Jens Lekman

Dalliance Review of 2011 More

2011 Review Your Attention

Written By Michael Wood Monday, January 9th, 2012

Eight Albums

  1. I Am Very Far - Okkervil River
    The best live band you will see doing Rock n' Roll shows have put out an album that shows the emotional range of one of their performances. Weaving between melancholia and pumped guitar stylings I Am Very Far is a band hitting the targets that it sets for itself, and very high targets those are. Lyrical, intelligent, excellent.
  2. Welcome To Condale - Summer Camp
    Out of the ethereal and onto record it has taken a long time for Summer Camp to emerge after some curious shows and a few hints towards obscurities. What emerges is an album recollecting a time not lived in a place that probably never existed but with a feel that is universal. Songs of heartache and loss are always played out well to a catchy beat.
  3. (I Can't Get No) - Stevie Jackson
    Or, if you will, the guy out of Belle & Sebastian doing his own thing and doing it so very well. The references are sixties pop of course but the immediacy of the guitar driven pop and the cute smartness of the lyrics are surprisingly effective.
  4. Nursing Home - Let's Wrestle
    It is thrashing guitars and sarcastic lyrics but that has never been something that upset me and Nursing Home manages not only to power through its running time in an indecent haste but also includes some laugh out loud funny moments. Superb.
  5. Collapse Into Now - R.E.M.
    Or if you will the end of an era. The last R.E.M. is another addition to the catalogue that adds breadth but lacks the depth of the earlier work of legend. Still a cracking listen and they will be missed.
  6. Obscurities - Stephin Merritt
    A collection of Merritt's offcuts from projects is always going to be a sketchy affair but the great stuff is really great stuff.
  7. Passive Aggressive: Singles 2002-2010 - The Radio Dept.
    A singles collection, so perhaps it should not count, but unseen by most this Swedish band have been making a cerebral music that aches with a heartbreak unspeakable.
  8. An Argument with Myself EP - Jens Lekman
    An EP is half an album so Lekman only gets half points for this brilliant collection of songs about friends dying, getting lost in Melbourne and looking for movie stars in Sweden.

Four Tracks

  1. Hanging From A Hit - Okkervil River
    Will Sheff's lyrical masterpiece in two parts is a rock and roll's sexual predatory instinct hitting hard and cruel into a real life. Searing, dazzling, and darkly beautiful.
  2. Walked Out On a Line - Okkervil River
    A band so good they can leave this story of drug fuelled destruction on the shelf as Will Sheff and Co reference the sound of the Beach Boys while creating something utterly new. Key Lyric: In the storm's scream and swirl's/Where I spotted my girl/I was pinning her straight to my side.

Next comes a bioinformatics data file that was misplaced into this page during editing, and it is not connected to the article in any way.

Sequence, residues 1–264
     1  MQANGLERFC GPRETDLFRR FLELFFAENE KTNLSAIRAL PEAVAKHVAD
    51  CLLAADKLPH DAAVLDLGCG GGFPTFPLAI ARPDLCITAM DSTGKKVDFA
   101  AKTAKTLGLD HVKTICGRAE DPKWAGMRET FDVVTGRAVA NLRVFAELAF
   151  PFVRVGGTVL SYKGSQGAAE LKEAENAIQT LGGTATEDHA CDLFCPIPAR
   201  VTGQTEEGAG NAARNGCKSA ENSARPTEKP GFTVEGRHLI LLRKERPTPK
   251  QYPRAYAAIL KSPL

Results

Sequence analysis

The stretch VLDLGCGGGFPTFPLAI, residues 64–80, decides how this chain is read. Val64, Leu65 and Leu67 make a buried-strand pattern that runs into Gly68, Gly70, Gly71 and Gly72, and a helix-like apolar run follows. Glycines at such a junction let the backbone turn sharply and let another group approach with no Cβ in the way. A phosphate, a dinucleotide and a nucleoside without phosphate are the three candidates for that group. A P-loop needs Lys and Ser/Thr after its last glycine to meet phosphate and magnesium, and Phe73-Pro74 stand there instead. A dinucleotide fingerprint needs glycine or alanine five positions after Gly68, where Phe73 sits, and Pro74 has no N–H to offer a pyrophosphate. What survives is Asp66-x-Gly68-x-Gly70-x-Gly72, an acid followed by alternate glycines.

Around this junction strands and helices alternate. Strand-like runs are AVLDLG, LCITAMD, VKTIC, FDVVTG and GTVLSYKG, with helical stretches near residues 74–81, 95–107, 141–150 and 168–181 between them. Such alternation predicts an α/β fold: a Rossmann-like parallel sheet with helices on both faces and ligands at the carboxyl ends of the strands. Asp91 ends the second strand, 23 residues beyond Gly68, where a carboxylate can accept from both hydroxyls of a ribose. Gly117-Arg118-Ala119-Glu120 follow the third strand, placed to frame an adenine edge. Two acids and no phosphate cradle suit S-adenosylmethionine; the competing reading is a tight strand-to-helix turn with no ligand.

3. Waiting for Kirsten - Jens Lekman
    Lekman's true story of trying to meet Kirsten Dunst in Gothenberg uses the Swedish singer's favourite trick of lulling the listen in with a dry humour and twisting that humour into a thoughtful depression. Key Lyric: But the VIP lines are not to the clubs/But to healthcare, apartments and jobs./"Hey buddy can I borrow five grand?/'Cause my dad's in chemo/And they wanna take him off his plan."
  4. In Dreams Part II - Let's Wrestle
    Mayhem on a record. Key Lyric: In my dreams there were Pokemon beating me up/I punched Pidgeotto right in the face

The valiant failure of Jens Lekman More

Live Review

Written By Michael Wood Monday, August 2nd, 2010

The Blow and Jens Lekman at The Deaf Institute, Manchester

The Blow are not really a band but one would hate to make Khaela Maricich suffer the tag of performance art. Innovative, perhaps to a fault, Maricich's spares vocals over a dance beat accompany a kind of storytelling which veers between believability and fantasy and is all the more entertaining for that. Tonight she relates how she wrote songs for an actress turned singer in New York and the relationship she had with that would be performer and in doing so plays with the notion of the construction of performance. Gradually reducing her attire from baggy top to leotard the affect is a little bit like a confessional Jane Fonda workout video.

It is entertaining, and in its way far more enlightening than one would expect.

The affect of Jens Lekman is always provoking. The Swede folk-popster pours his heart into his performance and seems to bleed emotion from the stage. Tonight he has a full band and a couple of Saxophonist - I may be alone in questioning the merit of the Saxophone in pop - picking out the melodies of his often soft, reflective tunes. As always Lekman is a joy to listen to throwing a few new tunes into the mix alongside staples of his set - would he ever not do Black Cab? I do hope not - and seems to breath a uniqueness into each performance.

Lekman continues the gig over the road at another bar after curfew at The Deaf Institute, and then goes onto the street trying to elongate the still moments his songs attempt to encapsulate. Night falls, the attempt fails, but valiantly so.

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Tonight, Mr Jens Lekman. Tomorrow, Mr Jens Lekman More